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I have been conducting load-tests (via blitz.io) as I attempt to tune server performance on a pool of servers running php 5.5, wordpress 3.9.1, and nginx 1.6.2.

My confusion arises when I overload a single server with too much traffic. I fully realize that there are finite resources on a server and at some level it will have to begin rejecting connections and/or returning 502 (or similar) responses. What's confusing me though, is why my server appears to be returning 502s so early within a load test.

I have attempted to tune nginx to accept several connections:

nginx.conf

worker_processes auto;
worker_rlimit_nofile 100000;

events {
    worker_connections 1024;
    use epoll;
    multi_accept on;
}

site.conf

location ~ \.php$ {
      try_files $uri =404;
      include /etc/nginx/fastcgi_params;
      fastcgi_pass unix:/var/run/php5-fpm.sock;
      fastcgi_index index.php;
      fastcgi_param SCRIPT_FILENAME $document_root$fastcgi_script_name;
      fastcgi_read_timeout 60s;
      fastcgi_send_timeout 60s;
      fastcgi_next_upstream_timeout 0;
      fastcgi_connect_timeout 60s;
   }

php www.conf

pm = static
pm.max_children = 8

I expect the load test to saturate the PHP workers rather quickly. But I also expect nginx to continue accepting connections and after the fast_cgi timeouts are hit, begin returning some sort of HTTP error code.

What I'm actually seeing is nginx returning 502s almost immediately after the test is launched.

nginx error.log

2014/11/01 20:35:24 [error] 16688#0: *25837 connect() to unix:/var/run/php5-fpm.sock failed 
(11: Resource temporarily unavailable) while connecting to upstream, client: OBFUSCATED, 
server: OBFUSCATED, request: "GET /?bust=1 HTTP/1.1", upstream: 
"fastcgi://unix:/var/run/php5-fpm.sock:", host: "OBFUSCATED"

What am I missing? Why aren't the pending requests being queued up, and then either completing or timing out later in the process?

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This means the php part crashed and isn't listening anymore on the unix socket.

So nginx won't queue anything as it just can't contact the proxied server to send request to, and at this point, you can easily imagine that requests get processed very fast on nginx's side.

If your php server didn't crash, requests would indeed standby regarding fastcgi_connect_timeout and fastcgi_read_timeout values, waiting for some event to show up. If these timeouts were reached you should see 504 error codes.

Your worker_connections seems a bit low by the way compared to rlimit.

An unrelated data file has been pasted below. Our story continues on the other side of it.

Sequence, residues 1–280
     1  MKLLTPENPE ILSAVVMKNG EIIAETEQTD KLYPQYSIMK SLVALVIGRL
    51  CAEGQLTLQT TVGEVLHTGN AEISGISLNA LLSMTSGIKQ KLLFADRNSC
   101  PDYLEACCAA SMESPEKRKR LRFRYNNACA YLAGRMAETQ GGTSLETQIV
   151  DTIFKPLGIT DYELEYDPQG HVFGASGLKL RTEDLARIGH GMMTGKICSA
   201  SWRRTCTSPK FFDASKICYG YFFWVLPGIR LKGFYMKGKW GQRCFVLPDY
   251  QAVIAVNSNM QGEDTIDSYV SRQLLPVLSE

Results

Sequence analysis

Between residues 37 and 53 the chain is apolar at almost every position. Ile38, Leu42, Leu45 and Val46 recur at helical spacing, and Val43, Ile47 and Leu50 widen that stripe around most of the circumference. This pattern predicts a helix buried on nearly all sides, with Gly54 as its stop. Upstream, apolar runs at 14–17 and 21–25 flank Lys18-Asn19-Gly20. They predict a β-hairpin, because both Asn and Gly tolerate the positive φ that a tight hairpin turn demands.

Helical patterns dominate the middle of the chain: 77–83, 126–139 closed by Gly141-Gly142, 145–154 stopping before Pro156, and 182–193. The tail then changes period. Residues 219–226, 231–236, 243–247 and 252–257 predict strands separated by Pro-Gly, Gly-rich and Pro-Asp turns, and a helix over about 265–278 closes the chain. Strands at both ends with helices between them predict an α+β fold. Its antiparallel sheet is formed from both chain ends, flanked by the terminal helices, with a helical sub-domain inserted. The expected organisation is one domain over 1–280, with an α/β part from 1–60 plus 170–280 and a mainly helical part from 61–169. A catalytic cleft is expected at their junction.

It may also be time to start using an upstream block to decide how nginx must behave when target servers seems down, using health checks. With this you can manage how long is the delay that, once reached, will mark a server as down. Once considered down, requests won't reach him until the healthcheck condition to mark him up again passes.

  • How can I look into the "php server" crash you're suggesting? Using htop to monitor what's happening on the server, the php processes seem to all be chugging along just fine. I'm getting a reasonable number of successful responses throughout the test. – manu08 Nov 1 '14 at 22:19
  • @manu08 First, monitor unix socket with netstat -x and monitor nofile/nbprocess per user, it's likely than you reached a user limit of thid kind. If fine, use strace. – Xavier Lucas Nov 1 '14 at 22:51
  • thanks for the information. I'll keep reading what I can find, but this is a bit new for me, so I'm not 100% sure how to recognize the culprit when I see it. Any resources you can link to that'll help me wrap my head around this? Also, shouldn't this show up in some PHP or linux logs, if the issue is a user limit? – manu08 Nov 2 '14 at 2:28
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Your problem is most likely with your PHP-FPM configuration, because you are using the static process manager with only 8 child processes. Just about any load testing will use up those 8 child processes instantly and beg for more -- when there isn't an idle child process to process the PHP code, you'll get the 502 errors you are seeing.

You should switch to the dynamic, or even better (in my opinion), ondemand.

Also, set your max_children fairly high, depending on what kinds of load tests you are running. Without knowing the details of the tests you are running I can't suggest any values for max_children. In my case, where I have several sites which as a whole get ~2,500 unique visitors and ~15,000 pageviews daily, my max_children is set to 64 and it never gets even close to that number. I set it higher than I need because load testing has indicated that my server can handle quite a bit more traffic than it is currently getting.

Once you get the load tests running well you'll have a better idea of how to tune your PHP-FPM configuration. I'd say set max_children to 64 like I do; just check the PHP-FPM log to see if you are banging up against that limit and adjust upwards as needed.

  • Thanks Justin. I will play around with higher max_children limits, but I was under the impression that nginx should wait for those busy children to free up based on the cgi timeouts. I didn't realize I would need a php child process per nginx connection. – manu08 Nov 2 '14 at 23:29
  • If it were timing out, you would be receiving a 504 error, not a 502. In your case, there are no processes available to even make a connection to, because there are only 8 child processes (and no way to spawn more since you are using the static process manager). Anything but the lightest of load testing will likely throw 502's almost immediately. Check your PHP-FPM log -- if you see warnings that pool www has reached pm.max_children setting, that is the source of your 502's. – Justin L. Franks Nov 3 '14 at 20:12

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